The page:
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This review is taken from PN Review 182, Volume 34 Number 6, July - August 2008.

BREAKING ENGLISH JEAN VALENTINE, Little Boat (Wesleyan University Press) $22.95

Minimalism in art was a logical, if not inevitable, development after the neo-romanticism of Abstract Expressionism followed by the comic commodifications of Pop. A stripped down, gestural art - from Richard Serra's slashes of iron to Dan Flavin's neon lights - was an astringent withdrawal from the 'yin' of Action Painting and the 'yang' of deadpan cultural commentary. The genealogy of minimalist poetry is not so straightforward, although it shares something with art's concern for material, in this case words, over the logic of structures. But there has always been a fascination with minimalism in poetry that has run alongside or underneath whatever the poetic mainstream is at any particular moment. The desire to break poems down is evidenced early in the twentieth century by someone like Zukofsky and minimalist experiments crop up at regular intervals as a fascination with the word in itself, or fragments thereof, takes precedence over meanings. Additionally, poetic minimalism has frequently been used as a way of representing a recoil from the world, usually caused by some form of blow or wounding. Minimalism becomes thereby a strategy of coping, yet one that also mute incomprehension.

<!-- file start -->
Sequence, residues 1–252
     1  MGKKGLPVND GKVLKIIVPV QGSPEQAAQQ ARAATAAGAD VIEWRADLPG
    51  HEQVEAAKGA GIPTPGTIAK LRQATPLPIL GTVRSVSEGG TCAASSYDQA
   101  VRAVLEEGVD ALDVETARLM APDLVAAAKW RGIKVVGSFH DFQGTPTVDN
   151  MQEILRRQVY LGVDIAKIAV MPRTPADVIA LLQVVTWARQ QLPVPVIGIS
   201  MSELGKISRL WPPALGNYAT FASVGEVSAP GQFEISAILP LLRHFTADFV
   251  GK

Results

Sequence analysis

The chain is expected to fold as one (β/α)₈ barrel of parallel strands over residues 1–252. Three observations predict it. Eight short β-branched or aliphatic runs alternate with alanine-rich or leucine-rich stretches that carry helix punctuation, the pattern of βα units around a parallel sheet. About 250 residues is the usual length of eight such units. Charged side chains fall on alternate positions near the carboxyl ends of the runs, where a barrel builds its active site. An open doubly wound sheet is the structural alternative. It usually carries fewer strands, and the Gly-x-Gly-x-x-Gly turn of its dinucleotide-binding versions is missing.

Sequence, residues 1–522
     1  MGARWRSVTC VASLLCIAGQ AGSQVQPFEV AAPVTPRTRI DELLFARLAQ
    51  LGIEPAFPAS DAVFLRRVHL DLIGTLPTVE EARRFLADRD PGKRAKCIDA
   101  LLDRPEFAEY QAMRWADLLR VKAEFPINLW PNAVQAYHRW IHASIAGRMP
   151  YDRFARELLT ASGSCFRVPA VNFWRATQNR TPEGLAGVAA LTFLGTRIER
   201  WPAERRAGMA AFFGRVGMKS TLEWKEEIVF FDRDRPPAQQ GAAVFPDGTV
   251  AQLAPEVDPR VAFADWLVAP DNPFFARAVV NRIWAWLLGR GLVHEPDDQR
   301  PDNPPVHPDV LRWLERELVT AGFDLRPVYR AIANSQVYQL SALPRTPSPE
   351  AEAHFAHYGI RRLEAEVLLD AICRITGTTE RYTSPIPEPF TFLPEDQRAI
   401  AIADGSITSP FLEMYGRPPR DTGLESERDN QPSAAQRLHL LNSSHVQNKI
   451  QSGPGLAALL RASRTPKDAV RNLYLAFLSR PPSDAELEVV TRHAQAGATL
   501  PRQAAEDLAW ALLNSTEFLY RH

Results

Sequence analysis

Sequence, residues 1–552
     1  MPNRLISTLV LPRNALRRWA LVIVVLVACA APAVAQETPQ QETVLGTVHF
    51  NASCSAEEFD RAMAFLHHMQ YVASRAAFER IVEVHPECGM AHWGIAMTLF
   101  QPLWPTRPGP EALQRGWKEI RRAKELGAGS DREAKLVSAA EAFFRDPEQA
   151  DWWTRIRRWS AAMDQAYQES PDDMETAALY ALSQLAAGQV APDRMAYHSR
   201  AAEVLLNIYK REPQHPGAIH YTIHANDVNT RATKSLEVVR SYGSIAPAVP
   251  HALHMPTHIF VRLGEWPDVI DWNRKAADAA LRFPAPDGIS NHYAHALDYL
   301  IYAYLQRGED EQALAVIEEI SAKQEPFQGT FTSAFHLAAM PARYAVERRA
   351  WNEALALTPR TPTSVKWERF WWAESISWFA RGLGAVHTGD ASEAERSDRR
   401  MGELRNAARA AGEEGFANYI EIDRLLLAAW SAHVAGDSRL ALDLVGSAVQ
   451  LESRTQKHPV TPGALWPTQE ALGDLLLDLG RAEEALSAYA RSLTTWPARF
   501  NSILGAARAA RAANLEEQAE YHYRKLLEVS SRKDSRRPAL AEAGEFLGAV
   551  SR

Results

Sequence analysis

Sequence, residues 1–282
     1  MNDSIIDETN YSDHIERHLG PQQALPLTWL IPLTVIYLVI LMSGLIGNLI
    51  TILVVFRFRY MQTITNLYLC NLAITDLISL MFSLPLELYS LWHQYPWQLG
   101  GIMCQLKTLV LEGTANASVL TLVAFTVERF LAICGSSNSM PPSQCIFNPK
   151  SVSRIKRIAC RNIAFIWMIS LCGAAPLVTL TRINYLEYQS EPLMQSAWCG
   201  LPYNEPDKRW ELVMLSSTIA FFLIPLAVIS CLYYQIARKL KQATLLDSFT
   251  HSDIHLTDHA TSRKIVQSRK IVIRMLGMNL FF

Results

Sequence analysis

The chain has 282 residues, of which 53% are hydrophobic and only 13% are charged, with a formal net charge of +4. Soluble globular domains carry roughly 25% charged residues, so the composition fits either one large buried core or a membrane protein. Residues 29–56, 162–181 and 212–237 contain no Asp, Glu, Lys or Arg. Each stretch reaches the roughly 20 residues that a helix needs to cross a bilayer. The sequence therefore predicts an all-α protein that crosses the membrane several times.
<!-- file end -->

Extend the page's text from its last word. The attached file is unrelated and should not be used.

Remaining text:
Jean Valentine's Little Boat falls into this latter category of emotional, rather than technical, minimalism. Valentine signals this throughout her verse with a frequent use of caesuras - each measuring about five or six spaces in duration. For instance, from the middle section of 'Mattress on the floor':

the old rug its ...


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